Not currently in stock at Amazon and almost certainly not to be found at a mainstream bookshop in the UK, Ghulam Murshid’s Bengali-English-Bengali Dictionary (pub. Ruposhi Bangla) is a very useful resource for the English-speaking student of Bengali.
The paperback size volume is set out in the two sections of the traditional language dictionary. First Bengali to English, then English to Bengali, both in an A-Z format. This doesn’t of course follow the Bengali alphabet, and thus doesn’t encourage the reader to learn it, but it certainly does make things easier for the beginner.
Another beginner friendly feature is that words are primarily given in ‘transliterated’ form (i.e. in the Latin alphabet). They are also shown in the Bengali script, which is handy as there’s not a standard Bengali-English transliteration scheme.
One omission is the absence of any context for words – e.g. Race is given as jati and dour but there’s nothing to indicate which, if either, refers to something you’d run as opposed to something that describes your appearance etc. But this does ensure the book is kept to a reasonable size and packs a decent amount of words in.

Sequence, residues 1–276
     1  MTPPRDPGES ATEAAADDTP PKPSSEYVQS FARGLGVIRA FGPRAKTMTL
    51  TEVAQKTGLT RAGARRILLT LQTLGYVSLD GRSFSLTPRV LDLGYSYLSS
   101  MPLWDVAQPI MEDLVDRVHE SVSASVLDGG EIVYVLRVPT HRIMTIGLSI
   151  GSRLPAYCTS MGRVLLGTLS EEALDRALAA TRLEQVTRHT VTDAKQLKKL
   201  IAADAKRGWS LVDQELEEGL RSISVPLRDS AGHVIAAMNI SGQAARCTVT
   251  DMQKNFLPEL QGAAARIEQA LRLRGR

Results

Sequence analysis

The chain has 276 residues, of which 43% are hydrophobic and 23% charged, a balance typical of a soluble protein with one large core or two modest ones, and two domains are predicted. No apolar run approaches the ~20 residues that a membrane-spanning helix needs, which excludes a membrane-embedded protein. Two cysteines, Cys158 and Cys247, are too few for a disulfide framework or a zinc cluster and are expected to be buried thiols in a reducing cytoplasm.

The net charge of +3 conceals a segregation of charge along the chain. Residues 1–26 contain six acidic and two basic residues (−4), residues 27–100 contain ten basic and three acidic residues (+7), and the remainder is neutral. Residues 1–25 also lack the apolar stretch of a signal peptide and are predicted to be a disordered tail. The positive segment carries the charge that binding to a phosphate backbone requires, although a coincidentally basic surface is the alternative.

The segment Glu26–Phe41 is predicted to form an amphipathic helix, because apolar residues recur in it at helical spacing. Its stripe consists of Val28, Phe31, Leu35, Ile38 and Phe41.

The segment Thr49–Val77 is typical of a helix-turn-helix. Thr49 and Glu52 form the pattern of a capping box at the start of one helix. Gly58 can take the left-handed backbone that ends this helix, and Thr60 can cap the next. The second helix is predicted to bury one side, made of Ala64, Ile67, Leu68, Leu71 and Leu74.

Beyond the main dictionary section of the book it also has a useful grammar primer, overview of verbs and several appendices. These latter include: days, (Bengali) months, telling the time; numbers from 1-100 and some larger ones, written in both English and Bengali in full and as numbers, and directions; relationships (son, daughter etc); biographical names*; geographical names/important places*; English words used in Bengali (e.g. accept kora)*. *Only shown in English and transliterated Bengali. This might be too much detail for you, but you won’t find it anywhere else.
Ultimately Murshid’s book is user-friendly and very useful, although I’d combine with the larger – and more doorstep sized – Samsad Bengali-English Dictionary.
I bought my copy from “Europe’s first and largest Bengali bookshop” Ruposhi Bangla, in Tooting, South London. Their website isn’t up to date, and it’s probably best to phone ahead to check opening times. But when I went a few years ago the owner couldn’t have been more helpful – having closed the shop to look after her grandchildren for that half-term week she kindly arranged a time to open it just for my visit!